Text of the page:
Dance and Film Fans Agree: We Love Ballet Behind-the-Scenes

We dancers are lucky the rest of the population has become so interested in our craft. It means there are more outlets for films like Ballet 422, which will be featured in the 2014 Tribeca Film Festival (April 16–April 27).

Originally backed through crowd-funding site HatchfundBallet 422 documents the creation of Justin Peck’s latest work for New York City Ballet. Peck has been in the spotlight since he fulfilled his dream of collaborating with musician Sufjan Stevens and fans and critics went gaga over the results in Year of the Rabbit. Paz de la Jolla, an homage to Peck’s southern California home region and NYCB’s 422nd original ballet, premiered in February to positive reactions. Now audiences will see this promising dancemaker’s process in action, and we could not be more excited about that.

The tantalizing trailer shows the always gorgeous (and increasingly popular with mainstream media) Tiler Peck in rehearsal, plus Justin mapping formations, reviewing footage and discussing his vision with the orchestra. Camera crews were clearly given full access, going everywhere from Justin’s apartment to the costume shop to dress rehearsals and live performances.

The film was conceived by former NYCB soloist and director of media projects Ellen Bar and directed by her husband, filmmaker Jody Lee Lipes. Bar says in the Hatchfund description that she has long dreamed of “pulling back the veil on the making of a new ballet.” We feel the same way, and we cannot wait to see more!

Teachers Trending
Alwin Courcy, courtesy Ballet des Amériques

Carole Alexis has been enduring the life-altering after-effects of COVID-19 since April 2020. For months on end, the Ballet des Amériques director struggled with fevers, tingling, dizziness and fatigue. Strange bruising showed up on her skin, along with the return of her (long dormant) asthma, plus word loss and stuttering.

"For three days I would experience relief from the fever—then, boom—it would come back worse than before," Alexis says. "I would go into a room and not know why I was there." Despite the remission of some symptoms, the fatigue and other debilitating side effects have endured to this day. Alexis is part of a tens-of-thousands-member club nobody wants to be part of—she is a COVID-19 long-hauler.

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Teachers Trending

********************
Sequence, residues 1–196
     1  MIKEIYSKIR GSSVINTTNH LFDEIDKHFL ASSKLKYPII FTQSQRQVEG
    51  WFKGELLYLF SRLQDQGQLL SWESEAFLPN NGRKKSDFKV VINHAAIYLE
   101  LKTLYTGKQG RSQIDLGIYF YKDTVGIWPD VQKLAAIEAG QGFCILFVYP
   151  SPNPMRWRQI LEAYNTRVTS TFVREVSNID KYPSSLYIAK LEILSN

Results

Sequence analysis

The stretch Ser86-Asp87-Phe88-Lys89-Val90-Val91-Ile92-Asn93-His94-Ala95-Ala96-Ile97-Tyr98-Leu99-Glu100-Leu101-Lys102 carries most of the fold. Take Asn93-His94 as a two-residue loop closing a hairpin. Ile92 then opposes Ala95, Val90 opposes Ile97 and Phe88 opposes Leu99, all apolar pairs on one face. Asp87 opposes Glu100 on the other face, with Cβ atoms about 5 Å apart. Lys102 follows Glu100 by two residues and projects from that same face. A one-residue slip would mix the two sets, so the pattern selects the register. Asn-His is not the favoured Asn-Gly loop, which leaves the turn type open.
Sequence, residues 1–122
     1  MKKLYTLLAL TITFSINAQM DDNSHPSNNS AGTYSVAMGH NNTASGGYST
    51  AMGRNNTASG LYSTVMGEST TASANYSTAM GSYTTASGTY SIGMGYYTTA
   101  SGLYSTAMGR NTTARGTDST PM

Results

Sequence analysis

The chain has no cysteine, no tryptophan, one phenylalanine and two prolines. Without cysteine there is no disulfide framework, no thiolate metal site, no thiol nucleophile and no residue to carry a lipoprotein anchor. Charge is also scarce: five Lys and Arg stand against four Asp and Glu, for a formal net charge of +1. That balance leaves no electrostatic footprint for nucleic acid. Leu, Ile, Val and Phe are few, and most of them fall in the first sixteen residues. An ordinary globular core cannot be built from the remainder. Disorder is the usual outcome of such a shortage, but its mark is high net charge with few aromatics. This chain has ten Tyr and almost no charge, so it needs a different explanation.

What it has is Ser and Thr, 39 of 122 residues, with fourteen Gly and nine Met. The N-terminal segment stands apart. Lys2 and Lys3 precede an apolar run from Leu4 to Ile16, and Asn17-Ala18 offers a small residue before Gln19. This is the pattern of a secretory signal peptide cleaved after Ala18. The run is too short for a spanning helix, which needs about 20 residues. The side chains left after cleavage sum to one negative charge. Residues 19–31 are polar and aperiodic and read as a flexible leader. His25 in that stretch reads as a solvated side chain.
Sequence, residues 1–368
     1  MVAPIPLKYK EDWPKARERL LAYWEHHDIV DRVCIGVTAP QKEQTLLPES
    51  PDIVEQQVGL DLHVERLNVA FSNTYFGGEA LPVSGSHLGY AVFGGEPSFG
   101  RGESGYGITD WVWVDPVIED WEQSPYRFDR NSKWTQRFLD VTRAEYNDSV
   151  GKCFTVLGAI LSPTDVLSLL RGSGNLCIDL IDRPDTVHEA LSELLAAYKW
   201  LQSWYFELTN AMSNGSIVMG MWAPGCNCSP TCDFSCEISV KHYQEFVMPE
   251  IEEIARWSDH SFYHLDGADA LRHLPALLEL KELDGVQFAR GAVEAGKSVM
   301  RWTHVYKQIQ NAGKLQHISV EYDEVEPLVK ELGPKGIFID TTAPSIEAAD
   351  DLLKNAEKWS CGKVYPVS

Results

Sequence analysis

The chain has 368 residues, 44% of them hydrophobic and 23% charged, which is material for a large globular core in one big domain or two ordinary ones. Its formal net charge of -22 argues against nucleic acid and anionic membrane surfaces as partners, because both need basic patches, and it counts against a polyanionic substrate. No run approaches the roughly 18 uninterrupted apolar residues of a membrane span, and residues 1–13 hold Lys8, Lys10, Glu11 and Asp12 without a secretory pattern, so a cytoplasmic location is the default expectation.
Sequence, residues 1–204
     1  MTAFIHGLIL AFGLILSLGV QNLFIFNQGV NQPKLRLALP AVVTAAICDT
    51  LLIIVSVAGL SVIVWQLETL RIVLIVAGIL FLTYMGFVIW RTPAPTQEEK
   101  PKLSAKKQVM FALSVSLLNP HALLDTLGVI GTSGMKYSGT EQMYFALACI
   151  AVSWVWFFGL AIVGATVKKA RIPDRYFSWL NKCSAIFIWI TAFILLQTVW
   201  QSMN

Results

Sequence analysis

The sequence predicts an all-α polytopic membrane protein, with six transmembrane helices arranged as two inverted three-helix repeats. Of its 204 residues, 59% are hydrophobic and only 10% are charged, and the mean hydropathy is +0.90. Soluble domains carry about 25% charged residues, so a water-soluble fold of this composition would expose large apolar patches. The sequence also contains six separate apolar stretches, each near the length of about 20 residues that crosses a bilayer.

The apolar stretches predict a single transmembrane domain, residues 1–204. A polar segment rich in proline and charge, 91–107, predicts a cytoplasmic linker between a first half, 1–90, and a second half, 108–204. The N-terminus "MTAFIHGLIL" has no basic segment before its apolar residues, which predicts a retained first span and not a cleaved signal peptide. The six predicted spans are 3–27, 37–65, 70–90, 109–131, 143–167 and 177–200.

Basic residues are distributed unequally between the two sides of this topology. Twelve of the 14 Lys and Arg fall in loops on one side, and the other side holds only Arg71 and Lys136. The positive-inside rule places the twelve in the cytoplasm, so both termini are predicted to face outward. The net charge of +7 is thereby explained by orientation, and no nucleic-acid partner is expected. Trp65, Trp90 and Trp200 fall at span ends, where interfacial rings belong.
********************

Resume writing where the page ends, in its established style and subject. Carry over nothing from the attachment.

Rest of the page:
Annika Abel Photography, courtesy Griffith

When the murder of George Floyd in Minneapolis last May catalyzed nationwide protests against systemic racism, the tap community resumed longstanding conversations about teaching a Black art form in the era of Black Lives Matter. As these dialogues unfolded on social media, veteran Dorrance Dance member Karida Griffith commented infrequently, finding it difficult to participate in a meaningful way.

"I had a hard time watching people have these conversations without historical context and knowledge," says Griffith, who now resides in her hometown of Portland, Oregon, after many years in New York City. "It was clear that there was so much information missing."

For example, she observed people discussing tap while demonstrating ignorance about Black culture. Or, posts that tried to impose upon tap the history or aesthetics of European dance forms.

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Studio Owners
Courtesy Tonawanda Dance Arts

If you're considering starting a summer program this year, you're likely not alone. Summer camp and class options are a tried-and-true method for paying your overhead costs past June—and, done well, could be a vehicle for making up for lost 2020 profits.

Plus, they might take on extra appeal for your studio families this year. Those struggling financially due to the pandemic will be in search of an affordable local programming option rather than an expensive, out-of-town intensive. And with summer travel still likely in question this spring as July and August plans are being made, your studio's local summer training option remains a safe bet.

The keys to profitable summer programming? Figuring out what type of structure will appeal most to your studio clientele, keeping start-up costs low—and, ideally, converting new summer students into new year-round students.

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